Riffles also create a safe habitat for macroinvertebrates because of the varying depth, velocity, and substrate type found in the riffle.[16] Densities of macroinvertebrates vary riffle to riffle because of seasonality or the habitat surrounding the riffle, but macroinvertebrate makeup is fairly consistent.[16] While it can only be assumed that riffles can host a higher level of densities because of higher dissolved oxygen levels, there is a proven positive association between phosphate levels and macroinvertebrates in riffles, indicating that phosphate is an important nutrient for them.[16] Seasonality is important for macroinvertebrate densities, and is characterized by temperature, like summer and winter, or it can be characterized by wetness, like wet and dry seasons. Macroinvertebrates are found in lower abundance during the rainy or wet season due to the high, constant amount of water into the riffle changing the system’s temperature, water velocity, and the aquatic community structure.[15] Also, food and shelter and low flow rates during the dry season make it a more habitable time for higher densities of macroinvertebrates.[15]

Anthropogenic Threats[edit]

Riffles provide important habitat and food production for various aquatic organisms, but humans have altered aquatic ecosystems worldwide through infrastructure and land use changes.[17] Human interference of stream or river flow decreases sediment sizes, resulting in less riffles.[18]

Specifically, weirs and other dams have reduced existing riffles by flattening the channel with smaller substrate, resulting in habitat fragmentation.[18][19] Dam removal has increased in recent times and its effects on riffles vary and are complex, but generally, riffles may redevelop.[17] As these riffles develop, however, they often have a lower biodiversity than the pre-dam ecosystem but benefit aquatic biodiversity in the long term.[17] Following weir removal, riffle fish populations have increased in diversity and density, and these fish have moved upstream to inhabit new riffles that redevelop after dam removal.[17][20] The importance of riffles in supporting diverse assemblages of aquatic biota within streams and rivers may contribute to the increasing trend of dam removal.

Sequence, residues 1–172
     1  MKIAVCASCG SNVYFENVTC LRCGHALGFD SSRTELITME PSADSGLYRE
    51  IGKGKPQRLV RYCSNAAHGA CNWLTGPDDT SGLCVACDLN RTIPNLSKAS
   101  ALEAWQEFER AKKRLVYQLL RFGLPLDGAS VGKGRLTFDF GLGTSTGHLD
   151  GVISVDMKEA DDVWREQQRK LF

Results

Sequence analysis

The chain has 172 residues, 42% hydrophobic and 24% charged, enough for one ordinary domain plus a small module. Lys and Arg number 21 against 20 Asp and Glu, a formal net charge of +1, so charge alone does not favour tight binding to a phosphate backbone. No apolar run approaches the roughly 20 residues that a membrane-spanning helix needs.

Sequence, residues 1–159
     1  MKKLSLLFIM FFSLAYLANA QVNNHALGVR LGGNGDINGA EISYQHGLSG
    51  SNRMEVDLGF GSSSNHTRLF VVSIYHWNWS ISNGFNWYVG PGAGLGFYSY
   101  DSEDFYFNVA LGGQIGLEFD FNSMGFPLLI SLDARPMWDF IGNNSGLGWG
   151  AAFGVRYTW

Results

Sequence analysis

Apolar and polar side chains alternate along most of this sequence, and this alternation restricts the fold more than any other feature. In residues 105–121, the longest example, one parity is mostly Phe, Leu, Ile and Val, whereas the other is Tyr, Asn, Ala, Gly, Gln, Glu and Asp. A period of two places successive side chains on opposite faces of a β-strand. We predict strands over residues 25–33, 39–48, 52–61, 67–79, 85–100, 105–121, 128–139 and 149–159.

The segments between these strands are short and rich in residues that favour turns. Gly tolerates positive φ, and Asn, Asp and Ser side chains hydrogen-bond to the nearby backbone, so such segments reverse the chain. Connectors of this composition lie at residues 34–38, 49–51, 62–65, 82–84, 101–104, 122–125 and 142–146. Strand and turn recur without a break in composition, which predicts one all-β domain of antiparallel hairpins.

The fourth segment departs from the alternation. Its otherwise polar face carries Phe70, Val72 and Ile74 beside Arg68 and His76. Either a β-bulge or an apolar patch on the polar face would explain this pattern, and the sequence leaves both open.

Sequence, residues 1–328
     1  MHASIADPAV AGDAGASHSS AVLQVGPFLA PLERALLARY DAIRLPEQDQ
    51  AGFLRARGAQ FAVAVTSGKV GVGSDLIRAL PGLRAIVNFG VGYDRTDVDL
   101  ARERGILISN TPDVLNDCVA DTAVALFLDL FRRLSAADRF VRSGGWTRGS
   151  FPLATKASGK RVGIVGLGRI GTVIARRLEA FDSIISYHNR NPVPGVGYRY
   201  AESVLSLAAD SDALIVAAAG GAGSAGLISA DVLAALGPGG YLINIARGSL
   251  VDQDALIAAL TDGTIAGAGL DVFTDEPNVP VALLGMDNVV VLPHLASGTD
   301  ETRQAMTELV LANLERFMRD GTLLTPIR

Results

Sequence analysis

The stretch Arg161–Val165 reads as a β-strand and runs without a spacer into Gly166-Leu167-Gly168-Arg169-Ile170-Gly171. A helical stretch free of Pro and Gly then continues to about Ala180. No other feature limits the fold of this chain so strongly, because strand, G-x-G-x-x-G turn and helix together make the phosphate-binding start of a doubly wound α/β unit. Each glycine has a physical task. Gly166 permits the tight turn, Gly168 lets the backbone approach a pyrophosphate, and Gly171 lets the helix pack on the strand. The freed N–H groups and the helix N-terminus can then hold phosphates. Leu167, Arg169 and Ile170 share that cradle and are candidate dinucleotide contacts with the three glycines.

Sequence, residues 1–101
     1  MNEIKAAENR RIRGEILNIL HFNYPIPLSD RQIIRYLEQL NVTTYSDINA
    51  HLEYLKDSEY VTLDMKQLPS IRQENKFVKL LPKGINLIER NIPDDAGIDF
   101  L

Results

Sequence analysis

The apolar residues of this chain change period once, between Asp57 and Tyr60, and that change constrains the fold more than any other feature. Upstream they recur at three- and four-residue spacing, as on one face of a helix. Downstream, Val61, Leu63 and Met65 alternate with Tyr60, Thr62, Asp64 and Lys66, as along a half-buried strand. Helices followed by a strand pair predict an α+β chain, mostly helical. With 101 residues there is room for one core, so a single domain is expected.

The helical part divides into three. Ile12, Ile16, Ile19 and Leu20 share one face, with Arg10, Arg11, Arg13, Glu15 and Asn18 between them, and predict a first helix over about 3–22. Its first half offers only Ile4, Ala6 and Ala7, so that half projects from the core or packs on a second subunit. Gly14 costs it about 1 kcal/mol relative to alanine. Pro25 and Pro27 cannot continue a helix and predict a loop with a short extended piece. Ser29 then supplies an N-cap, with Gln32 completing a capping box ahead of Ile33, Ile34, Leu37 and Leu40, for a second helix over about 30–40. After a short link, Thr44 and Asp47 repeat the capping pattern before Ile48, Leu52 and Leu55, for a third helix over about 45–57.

Human land use change, specifically development of land, can indirectly affect riffles and riffle quality.[21] Terrestrial vegetation, such as tree branches and leaf litter, contribute to the formation of riffles and stabilization of the ecosystem's channel, and as development reduces this vegetation, riffles may be diminished.[22] Species richness and diversity within riffles are susceptible to anthropogenic land use changes, and management options for restoring these riffles to increase aquatic biodiversity include removing sand and sedimentation and enhancing water flow, to offset impacts from land use change.[19]

Aquaria[edit]

In the fishkeeping world, a "riffle tank" is one specializing in aquatic life that originates in places with powerful currents like riffles. These are usually emulated with very powerful pumps.[23]

Gold mining[edit]

The term is also applied to strips of wood, metal or plastic laid across the washing tables during gravity separation of gold in alluvial or placer mining.

Sluice riffle made of HDPE covered in black sand and gold.

See also[edit]

  • Gold mining – Process of extracting gold from the ground

References[edit]

  1. ^ Leopold, Luna; Wolman, M. Gordon (1957). "River channel patterns: Braided, meandering, and straight". Professional Paper 282-B. United States Geological Survey: 50. Cite journal requires |journal= (help)
  2. ^ Wyrick, J. R.; Senter, A. E.; Pasternack, G. B. (2014-04-01). "Revealing the natural complexity of fluvial morphology through 2D hydrodynamic delineation of river landforms". Geomorphology. 210: 14–22. Bibcode:2014Geomo.210...14W. doi:10.1016/j.geomorph.2013.12.013.
  3. ^ Milne, J. A. (1982-04-01). "Bed-material size and the riffle-pool sequence". Sedimentology. 29 (2): 267–278. Bibcode:1982Sedim..29..267M. doi:10.1111/j.1365-3091.1982.tb01723.x. ISSN 1365-3091.
  4. ^ Carling, Paul A.; Orr, Harriet G. (2000-04-01). "Morphology of riffle–pool sequences in the River Severn, England". Earth Surface Processes and Landforms. 25 (4): 369–384. doi:10.1002/(SICI)1096-9837(200004)25:4<353::AID-ESP59>3.0.CO;2-5. ISSN 1096-9837.
  5. ^ Wyrick, J. R.; Pasternack, G. B. (2014-05-15). "Geospatial organization of fluvial landforms in a gravel–cobble river: Beyond the riffle–pool couplet". Geomorphology. 213: 48–65. Bibcode:2014Geomo.213...48W. doi:10.1016/j.geomorph.2013.12.040.